Children are the ones who suffer, says Ex. Dir. Of NC Christian School Association
By L.A. Williams, Correspondent
Christian Action League
April 10, 2014
Disappointed but even more determined — that’s the response of parents and private school officials who had anticipated being able to take advantage of the state’s Opportunity Scholarship Program created last July to help low-income and working-class families provide better educational options for their children beginning this fall. The Court of Appeals ruled April 3 that a preliminary injunction on the program issued by a Wake County Superior Court judge in February would remain in place, sending the case to the N.C. Supreme Court.
“While I am disappointed by the Court of Appeals decision to reject the parents’ petition to lift the injunction, I believe that the program and, more importantly, the parents who applied for this program from across the state will ultimately prevail,” said Darrell Allison, president of Parents for Educational Freedom in North Carolina.
“When the General Assembly enacted the Opportunity Scholarship Program, it allocated only 2,400 student spaces. Over 5,500 student applications were received from 95 counties in just a 25-day period.”
He said the overwhelming response from families across the state demonstrates Opportunity Scholarships’ broad appeal and that parents deserve greater educational options.
Dr. Joe Haas, executive director of the North Carolina Christian School Association, said students are the ones most impacted by the courts’ continued stalling.
“While these legal shenanigans are going on, the pawns in these games are the children,” said Haas. “It’s disappointing and unfortunate that these kinds of games are being played.”
The Opportunity Scholarship program, championed by Rep. Paul Stam (R-Wake) among other lawmakers, set aside $10 million to be administered by the State Education Assistance Authority via grants of up to $4,200 per year for eligible children who wish to attend private schools. Despite bipartisan support, the new law came under attack immediately by the North Carolina Association of Educators (NCAE) and the N.C. Justice Center, who have claimed it violates the state constitution by diverting public education funds to private schools. However, as Stam has pointed out, the money for the scholarships was never appropriated to public schools but to the SEAA, which administers college loans and grants.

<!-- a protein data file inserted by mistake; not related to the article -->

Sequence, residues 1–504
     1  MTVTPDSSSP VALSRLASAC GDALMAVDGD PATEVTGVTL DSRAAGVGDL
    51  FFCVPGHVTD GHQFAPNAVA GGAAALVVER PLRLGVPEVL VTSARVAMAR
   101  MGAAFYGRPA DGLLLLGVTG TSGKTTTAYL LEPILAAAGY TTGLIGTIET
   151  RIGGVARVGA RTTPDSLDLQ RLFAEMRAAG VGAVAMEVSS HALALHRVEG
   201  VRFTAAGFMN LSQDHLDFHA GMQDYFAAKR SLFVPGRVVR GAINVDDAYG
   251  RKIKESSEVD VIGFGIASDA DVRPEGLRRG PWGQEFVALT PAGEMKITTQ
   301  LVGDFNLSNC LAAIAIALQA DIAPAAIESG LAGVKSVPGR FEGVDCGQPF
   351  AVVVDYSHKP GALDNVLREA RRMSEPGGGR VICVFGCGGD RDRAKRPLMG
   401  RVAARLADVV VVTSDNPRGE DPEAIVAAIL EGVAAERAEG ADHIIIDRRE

Opponents have argued that state tax money should not go to schools that have admission policies that might limit who can attend. But, crafters of the law have reminded them that for nearly four decades the state has provided legislative tuition grants to nearly three dozen private, four-year colleges, institutions which discriminate in their admissions policies for a variety of reasons, including gender, as at least three of them are women’s schools.
Haas said the arguments made against the scholarships in court hearings were not mentioned when the legislation was being hashed out in the General Assembly.
“It’s also interesting and should be noted that opponents are not attacking the special needs scholarships, which are set up the same way, and neither are they attacking the grants for students attending non-public institutions of higher education,” Haas said. “This proves the inconsistency of their arguments.”
He said private Christian schools, which were expecting more students, depending on which qualified applicants were chosen via a lottery to receive the initial grants, will have to rethink their plans for the fall.
“This makes it more difficult for them to plan,” Haas said. “But the ones who are hurt the most by this are the children. That’s what really bothers me.”
Even so, proponents of the Opportunity Scholarships are hopeful the Supreme Court will move quickly to take up the case.
“There are valid reasons why these parents have applied in such strong numbers, and it is because the current public schools that they are assigned to are not adequate” Allison said.
“We must as a state do better for these parents, and we must do so now…. Justice delayed is justice denied.”